Charlotte-area dealers report sales spike for Confederate flag

One of the two Confederate flags left in Bob’s Flag in Pineville. This flag is known as the second national flag of the Confederate States of America.
One of the two Confederate flags left in Bob’s Flag in Pineville. This flag is known as the second national flag of the Confederate States of America.

Flag dealers across North Carolina have seen a run on Confederate flags this week after major manufacturers vowed to stop making them. That decision came in response to the social and political outcry over the flag’s lingering prominence in Southern culture following the shooting in Charleston.

After photos emerged online of shooting suspect Dylann Roof with the Confederate battle flag, South Carolina Gov. Nikki Haley called for the flag be removed from State House grounds in Columbia. North Carolina Gov. Pat McCrory said Monday he wants to change state law to forbid specialty license plates being made that bear it. All of this led flag makers to halt manufacturing.

Local flag dealers aren’t happy. Some say the flag and its history have been taken out of context.

Ernie Creech, owner of Conder Flag Company, a Charlotte flag distributor, said he received an email from the Pennsylvania-based Flag Manufacturers Association of America on Tuesday afternoon saying that the major flag manufacturers in the U.S. were going to stop making the flags.

Creech isn’t sure if that’s a good decision. “I understand it from their standpoint... I feel like (the flag’s) been taken out of context a little bit.”

He added that he thinks the people who use the flags for historical purposes – whether it’s in their homes or for battle reenactments – will be harmed the most.

Conder Flag has seen a “very brisk” uptick in orders, but “it’s still not a big seller,” and the recent surge in popularity hasn’t allowed it to surpass the U.S. flag. Creech said before this week, he typically sold three to four Confederate flags a month. He said he isn’t sure how much he’s sold, but Conder will continue to fill orders until it runs out. He said customers have been angered when they’ve learned about the manufacturing halt, and he’s received negative emails about it.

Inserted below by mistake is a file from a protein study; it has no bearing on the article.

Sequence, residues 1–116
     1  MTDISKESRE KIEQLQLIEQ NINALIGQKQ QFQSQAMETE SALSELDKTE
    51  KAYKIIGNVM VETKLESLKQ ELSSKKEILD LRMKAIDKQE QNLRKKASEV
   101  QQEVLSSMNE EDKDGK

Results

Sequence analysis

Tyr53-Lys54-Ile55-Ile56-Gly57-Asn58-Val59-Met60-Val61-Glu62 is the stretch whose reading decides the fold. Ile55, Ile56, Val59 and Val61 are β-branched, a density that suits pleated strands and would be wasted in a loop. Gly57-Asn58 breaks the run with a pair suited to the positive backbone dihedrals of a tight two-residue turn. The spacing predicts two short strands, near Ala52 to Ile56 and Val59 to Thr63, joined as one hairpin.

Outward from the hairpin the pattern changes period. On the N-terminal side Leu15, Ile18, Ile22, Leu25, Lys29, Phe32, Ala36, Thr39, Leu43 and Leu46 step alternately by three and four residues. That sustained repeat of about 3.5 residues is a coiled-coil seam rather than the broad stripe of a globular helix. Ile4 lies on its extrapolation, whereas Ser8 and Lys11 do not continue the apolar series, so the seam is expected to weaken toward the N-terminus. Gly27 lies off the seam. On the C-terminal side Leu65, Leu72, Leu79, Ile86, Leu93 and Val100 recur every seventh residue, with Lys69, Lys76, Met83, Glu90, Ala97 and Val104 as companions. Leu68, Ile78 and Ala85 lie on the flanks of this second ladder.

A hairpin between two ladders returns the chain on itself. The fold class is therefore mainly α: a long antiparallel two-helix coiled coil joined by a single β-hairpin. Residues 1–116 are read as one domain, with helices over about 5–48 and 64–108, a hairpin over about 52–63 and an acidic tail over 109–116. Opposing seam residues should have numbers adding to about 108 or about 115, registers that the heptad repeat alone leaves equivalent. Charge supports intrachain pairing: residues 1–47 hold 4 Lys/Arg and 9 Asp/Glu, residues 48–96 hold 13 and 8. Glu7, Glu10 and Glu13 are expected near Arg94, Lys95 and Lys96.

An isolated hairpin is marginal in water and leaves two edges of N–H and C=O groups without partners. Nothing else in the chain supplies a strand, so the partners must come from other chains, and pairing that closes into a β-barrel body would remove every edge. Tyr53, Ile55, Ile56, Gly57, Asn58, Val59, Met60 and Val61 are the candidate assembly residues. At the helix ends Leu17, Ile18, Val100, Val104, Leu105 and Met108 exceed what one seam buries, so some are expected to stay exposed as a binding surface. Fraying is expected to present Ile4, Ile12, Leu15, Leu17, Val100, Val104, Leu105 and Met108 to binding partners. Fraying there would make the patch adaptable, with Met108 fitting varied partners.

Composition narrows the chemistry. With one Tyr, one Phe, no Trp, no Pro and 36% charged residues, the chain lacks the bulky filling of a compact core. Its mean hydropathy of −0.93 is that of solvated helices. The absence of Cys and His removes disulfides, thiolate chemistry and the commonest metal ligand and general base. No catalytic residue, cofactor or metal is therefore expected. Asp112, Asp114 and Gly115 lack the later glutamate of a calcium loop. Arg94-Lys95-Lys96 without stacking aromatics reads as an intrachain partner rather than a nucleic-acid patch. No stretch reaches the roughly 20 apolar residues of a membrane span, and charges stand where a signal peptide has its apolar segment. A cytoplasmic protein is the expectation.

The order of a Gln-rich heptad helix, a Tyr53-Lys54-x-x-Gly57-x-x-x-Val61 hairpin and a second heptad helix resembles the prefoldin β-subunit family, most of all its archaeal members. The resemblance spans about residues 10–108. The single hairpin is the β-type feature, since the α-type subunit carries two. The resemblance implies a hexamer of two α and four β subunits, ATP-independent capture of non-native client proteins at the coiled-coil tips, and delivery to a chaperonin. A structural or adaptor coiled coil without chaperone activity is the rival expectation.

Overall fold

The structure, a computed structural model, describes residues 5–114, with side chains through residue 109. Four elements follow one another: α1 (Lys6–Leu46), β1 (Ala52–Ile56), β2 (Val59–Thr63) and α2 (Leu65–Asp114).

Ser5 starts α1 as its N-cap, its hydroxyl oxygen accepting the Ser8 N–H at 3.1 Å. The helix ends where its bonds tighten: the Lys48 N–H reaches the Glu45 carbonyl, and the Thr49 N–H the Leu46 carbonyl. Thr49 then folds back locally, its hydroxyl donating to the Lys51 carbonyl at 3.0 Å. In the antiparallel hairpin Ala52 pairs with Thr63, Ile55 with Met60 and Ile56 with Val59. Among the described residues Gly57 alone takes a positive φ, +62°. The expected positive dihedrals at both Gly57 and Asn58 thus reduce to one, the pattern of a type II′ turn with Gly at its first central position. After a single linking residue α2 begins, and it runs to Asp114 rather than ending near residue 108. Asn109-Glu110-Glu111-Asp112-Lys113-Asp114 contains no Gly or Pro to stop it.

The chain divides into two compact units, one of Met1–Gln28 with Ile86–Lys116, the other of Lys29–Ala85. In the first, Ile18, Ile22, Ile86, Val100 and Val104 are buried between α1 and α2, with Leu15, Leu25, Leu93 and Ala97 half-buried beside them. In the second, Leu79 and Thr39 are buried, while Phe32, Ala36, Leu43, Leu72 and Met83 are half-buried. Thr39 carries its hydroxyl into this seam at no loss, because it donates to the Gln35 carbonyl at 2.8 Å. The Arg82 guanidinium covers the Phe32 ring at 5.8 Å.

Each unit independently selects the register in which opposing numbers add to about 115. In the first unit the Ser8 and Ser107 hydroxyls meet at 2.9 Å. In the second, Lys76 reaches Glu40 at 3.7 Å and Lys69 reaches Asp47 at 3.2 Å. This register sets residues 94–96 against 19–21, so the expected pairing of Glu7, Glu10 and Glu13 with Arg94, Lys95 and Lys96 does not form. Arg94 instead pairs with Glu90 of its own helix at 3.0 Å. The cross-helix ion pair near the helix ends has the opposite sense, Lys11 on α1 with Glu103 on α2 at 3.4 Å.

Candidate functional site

In Pineville, Bob’s Flags co-owner Liz Baumgart said her customers have been upset, too, and one man was angry because he didn’t like being told what he couldn’t have. Baumgart said her shop didn’t sell many Confederate flags before this week, maybe two a month.

“Today, everyone in the world had a great need for one,” Baumgart said, adding her store has received about 30 calls and emails Wednesday regarding the flags’ availability. There are two Confederate flags left in the shop. Both are the second national flag of the Confederacy, which features what’s commonly known as the Confederate battle flag in the left upper corner on a white field.

Both Baumgart and Creech see the Confederate pieces they sell as having a ready place among their other historical flags.

“To make the blatant attacks on this flag is silly,” Baumgart said. “I hate to see a piece of our history attacked,” saying the flag is laden with historical meaning for people who trace their heritage back to the Civil War.

Across the state, other dealers saw similar increased interest. In Rocky Mount, Northstar Flags & Flagpoles saw an uptick in calls regarding its availability. Operations manager Bryan Walker said the company, which prints its own flags, will no longer print them for anything but a motion picture, play or historical use.

He said the company doesn’t print Nazi swastikas because of the hate it represents, and they’re taking a similar stance with the Confederate flag.

Asheville’s Broward Flag Company has sold 18 Confederate flags this week. Owner Bob Barcafer said he, like most flag dealers, want to continue selling the product. He said the National Independent Flag Dealers Association sent a survey this week asking dealers if they wanted to continue selling the flag, and the survey’s results showed overwhelming support for continued sales.

Dealers cautioned that just because U.S. manufacturers stopped making the product didn’t mean it was going to go away.

“The only ones you would be able to buy is imports from China, unfortunately,” Barcafer said.